Thursday, March 14, 2013

The Great Balancing Act: Part II

Why all the fuss about balance? After all, who knows what 'balance' really is? To me balance is about first, achieving a state of equilibrium, and then about maintaining that state.

A state of equilibrium cannot be achieved when we are obese nor can it be achieved when we are underweight. When you see the numbers posted by medical professionals that state a particular weight or particular BMI as being correct or normal, remember this: The word 'normal' in medical terms simply means that most people fall within that particular range. There are always going to be some people for whom 'normal,' medically speaking, don't fall within those margins. Some people will just carry a little extra or a little less--I am not talking about extremes here--and if they find that no matter what that they can't lose or gain any more, then perhaps their bodies have reached a state of equilibrium with respect to their weight.

What is a state of over- or underweight, then, if it isn't a number on the scale? In my opinion these states occur when you are carrying more or less weight than what your body needs to carry. I know, that seems ambiguous and evasive, but really it's not. Do you feel good? Are you able to move about freely and without pain? Can you walk up a few flights of stairs without becoming out of breath or feeling weak? Do you sleep well? These are some of the things you need to consider when trying to figure out why those last 5 pounds won't come off or why you can't gain and maintain those 5 extra pounds.

What about diabetes or high blood pressure, you ask? Well, these are not always indicative of a state of weight. For instance, even when I was morbidly obese my blood pressure was dangerously low and I was not diabetic. However, by anyone's standards, 100 pounds over the norm is overweight. My blood pressure reached the normal range only after I lost the weight. Same with my body temperature. My body temperature was always around 97.2F until I not only lost the weight but went grain-free as well. Now, my normal temperature is 98.7F. I'm still an out-lier but not by much.

So, how do I know that I am at a good weight? Easy. I feel good. I am able to run long distances every day without tiring. I am able to sprinting and feel good. I am able to lift heavy things with ease and without pain. I can move freely without any pain. I can easily maintain my current weight. I maintain high levels of energy throughout the day. I sleep well every night and wake up refreshed and recharged. This tells me that I have reached a state of equilibrium. Not just with my weight, but with my whole body.

Ok. That's all well and good you say, but how do we get to be in a state of whole body, whole health equilibrium? This, my friends, is the final piece of the puzzle. I believe it is about reducing inflammation, and this is where a lot of what I've talked about before all comes into play and what I'm going to talk about today. Glycemic Load, Glycemic Index, and pH all play a role in the great balancing act as does exercise, rest, and stress.  How we manage these things determines how much cellular inflammation we create and that, in turn, will determine our overall state of health and well-being.

Inflammation is just part of life. It is caused by, well, pretty much everything. It is our body's way of telling us that something is amiss. Now, it can be as simple as you hitting your so-called funny bone, stubbing a toe, or eating something disagreeable. It can also be as serious as getting stabbed or suffering a concussion. All of these things fall into the acute inflammatory response which is a short-term, temporary response to injury. The definition of acute inflammation from the medical dictionary is "inflammation /in·flam·ma·tion/ (in″flah-ma´shun) a protective tissue response to injury or destruction of tissues, which serves to destroy, dilute, or wall off both the injurious agent and the injured tissues. The classical signs of acute inflammation are pain (dolor), heat (calor), redness (rubor), swelling (tumor), and loss of function (functio laesa).inflam´matory"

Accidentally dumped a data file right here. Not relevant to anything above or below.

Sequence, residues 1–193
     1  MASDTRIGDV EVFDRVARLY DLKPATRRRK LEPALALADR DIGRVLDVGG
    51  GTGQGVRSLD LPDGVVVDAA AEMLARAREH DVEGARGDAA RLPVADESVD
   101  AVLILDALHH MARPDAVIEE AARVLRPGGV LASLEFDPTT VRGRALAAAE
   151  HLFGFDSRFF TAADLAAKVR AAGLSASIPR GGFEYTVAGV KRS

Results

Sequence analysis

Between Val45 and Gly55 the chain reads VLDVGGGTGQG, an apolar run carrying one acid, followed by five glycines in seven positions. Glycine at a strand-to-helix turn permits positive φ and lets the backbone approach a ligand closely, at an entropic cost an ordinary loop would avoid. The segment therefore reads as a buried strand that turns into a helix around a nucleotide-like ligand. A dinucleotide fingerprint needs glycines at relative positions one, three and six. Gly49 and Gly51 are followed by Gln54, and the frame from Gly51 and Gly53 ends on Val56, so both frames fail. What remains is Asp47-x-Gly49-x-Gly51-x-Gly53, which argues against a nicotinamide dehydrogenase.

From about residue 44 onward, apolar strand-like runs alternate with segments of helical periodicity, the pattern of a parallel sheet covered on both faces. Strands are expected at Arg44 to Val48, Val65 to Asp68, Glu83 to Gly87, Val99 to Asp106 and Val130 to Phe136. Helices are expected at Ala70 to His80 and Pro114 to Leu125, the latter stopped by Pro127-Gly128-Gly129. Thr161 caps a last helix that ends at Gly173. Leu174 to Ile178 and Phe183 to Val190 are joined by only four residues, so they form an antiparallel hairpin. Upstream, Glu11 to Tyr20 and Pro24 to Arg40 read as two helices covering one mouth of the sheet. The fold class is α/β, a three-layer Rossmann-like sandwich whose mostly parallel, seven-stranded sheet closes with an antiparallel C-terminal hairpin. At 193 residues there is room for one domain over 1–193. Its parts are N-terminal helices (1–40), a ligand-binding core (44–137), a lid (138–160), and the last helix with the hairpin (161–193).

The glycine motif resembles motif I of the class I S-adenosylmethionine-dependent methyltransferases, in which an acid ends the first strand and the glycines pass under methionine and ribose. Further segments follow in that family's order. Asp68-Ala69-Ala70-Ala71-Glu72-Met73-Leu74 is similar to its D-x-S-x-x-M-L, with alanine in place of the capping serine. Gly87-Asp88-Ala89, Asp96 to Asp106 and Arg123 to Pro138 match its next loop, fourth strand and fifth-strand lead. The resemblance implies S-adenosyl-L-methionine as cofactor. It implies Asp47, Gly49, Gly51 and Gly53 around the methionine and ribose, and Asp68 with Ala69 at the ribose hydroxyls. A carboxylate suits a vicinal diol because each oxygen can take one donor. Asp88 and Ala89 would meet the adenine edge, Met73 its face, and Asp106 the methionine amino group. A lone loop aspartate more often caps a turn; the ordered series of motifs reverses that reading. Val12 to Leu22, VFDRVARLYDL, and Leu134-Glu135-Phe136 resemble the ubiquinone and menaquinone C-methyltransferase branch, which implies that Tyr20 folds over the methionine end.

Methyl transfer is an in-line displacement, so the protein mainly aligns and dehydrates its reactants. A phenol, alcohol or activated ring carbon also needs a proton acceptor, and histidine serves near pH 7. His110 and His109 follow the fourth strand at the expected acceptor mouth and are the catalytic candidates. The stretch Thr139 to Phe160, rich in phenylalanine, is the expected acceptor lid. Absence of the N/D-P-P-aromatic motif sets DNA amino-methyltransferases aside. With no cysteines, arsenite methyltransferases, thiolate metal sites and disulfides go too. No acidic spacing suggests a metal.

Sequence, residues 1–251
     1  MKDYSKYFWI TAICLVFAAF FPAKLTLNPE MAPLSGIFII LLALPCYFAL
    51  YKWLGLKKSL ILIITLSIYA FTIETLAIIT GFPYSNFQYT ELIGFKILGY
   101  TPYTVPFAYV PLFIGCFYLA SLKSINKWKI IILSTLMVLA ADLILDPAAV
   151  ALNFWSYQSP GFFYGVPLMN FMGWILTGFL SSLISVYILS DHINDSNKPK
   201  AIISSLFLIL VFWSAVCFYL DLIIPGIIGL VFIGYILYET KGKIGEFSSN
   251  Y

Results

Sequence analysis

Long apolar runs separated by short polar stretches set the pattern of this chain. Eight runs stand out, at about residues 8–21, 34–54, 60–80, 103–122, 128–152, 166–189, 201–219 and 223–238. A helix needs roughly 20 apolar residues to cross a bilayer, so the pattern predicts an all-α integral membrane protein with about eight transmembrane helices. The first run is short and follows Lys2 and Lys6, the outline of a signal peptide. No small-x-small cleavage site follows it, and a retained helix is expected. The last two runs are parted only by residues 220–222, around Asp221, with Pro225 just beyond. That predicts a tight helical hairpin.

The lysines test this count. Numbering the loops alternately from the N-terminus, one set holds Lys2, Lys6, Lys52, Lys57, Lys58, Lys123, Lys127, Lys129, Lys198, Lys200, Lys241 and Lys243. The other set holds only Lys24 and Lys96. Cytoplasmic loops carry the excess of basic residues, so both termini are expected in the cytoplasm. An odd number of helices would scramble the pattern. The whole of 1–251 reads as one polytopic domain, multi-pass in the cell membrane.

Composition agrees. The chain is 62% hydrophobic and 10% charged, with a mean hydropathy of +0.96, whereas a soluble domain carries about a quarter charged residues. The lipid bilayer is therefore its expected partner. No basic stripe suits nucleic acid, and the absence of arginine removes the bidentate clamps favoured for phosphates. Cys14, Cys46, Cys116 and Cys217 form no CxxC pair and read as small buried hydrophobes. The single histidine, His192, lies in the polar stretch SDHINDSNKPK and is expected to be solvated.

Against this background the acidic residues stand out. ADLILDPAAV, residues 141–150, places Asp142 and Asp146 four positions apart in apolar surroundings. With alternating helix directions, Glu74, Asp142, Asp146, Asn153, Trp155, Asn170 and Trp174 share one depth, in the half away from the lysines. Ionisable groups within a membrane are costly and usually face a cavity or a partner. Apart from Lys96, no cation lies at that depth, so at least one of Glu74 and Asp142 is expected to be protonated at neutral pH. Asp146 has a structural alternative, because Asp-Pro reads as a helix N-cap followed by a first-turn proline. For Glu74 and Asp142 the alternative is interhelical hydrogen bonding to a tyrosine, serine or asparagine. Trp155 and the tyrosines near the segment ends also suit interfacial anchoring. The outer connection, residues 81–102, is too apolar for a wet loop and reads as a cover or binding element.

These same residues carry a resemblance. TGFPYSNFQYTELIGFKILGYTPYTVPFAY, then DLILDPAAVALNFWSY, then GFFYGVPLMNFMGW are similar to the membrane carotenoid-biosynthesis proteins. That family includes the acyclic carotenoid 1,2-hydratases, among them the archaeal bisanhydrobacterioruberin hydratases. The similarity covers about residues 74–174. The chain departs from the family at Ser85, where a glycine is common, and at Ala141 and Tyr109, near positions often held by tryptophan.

This is not what we are concerned with, though, because it is actually a normal and very helpful bodily function.  When we are talking about our health and the inflammation created by improper eating, exercising, etc., and the underlying physiological responses to prolonged inflammation, we are talking about chronic inflammation. This is neither normal nor helpful. In fact, it will make you suffer and it can eventually kill you.

There are many causes of acute inflammation such as a diet filled with sugar, processed foods, insufficient Omega-3 fatty acids, too much Omega-6 fatty acids, too much processed fats, not enough natural fats, too much gluten. Then you have non-diet related issues like insufficient sleep, chronic stress, not enough exercise, too much exercise, insufficient recovery time after exercise, and so on. 

Did you notice the trend in the above paragraph? Too much or too little is the theme. NO BALANCE.  In the days, weeks, and months ahead we will delve more deeply into each of these things but it is simply too much for one posting. 

Before I close this topic for the day I want to say that when I use the words 'balance' or 'equilibrium' I am not talking about moderation in all things because there are certain things that should be eliminated from our lives altogether and on those I simply cannot and will not compromise. The biggies: Processed foods and wheat. You'll see why as time goes on, but suffice to say I consider these things to be every bit as good for you as rat poison--should you have some of that in moderation?

Until next time.

1 comment:

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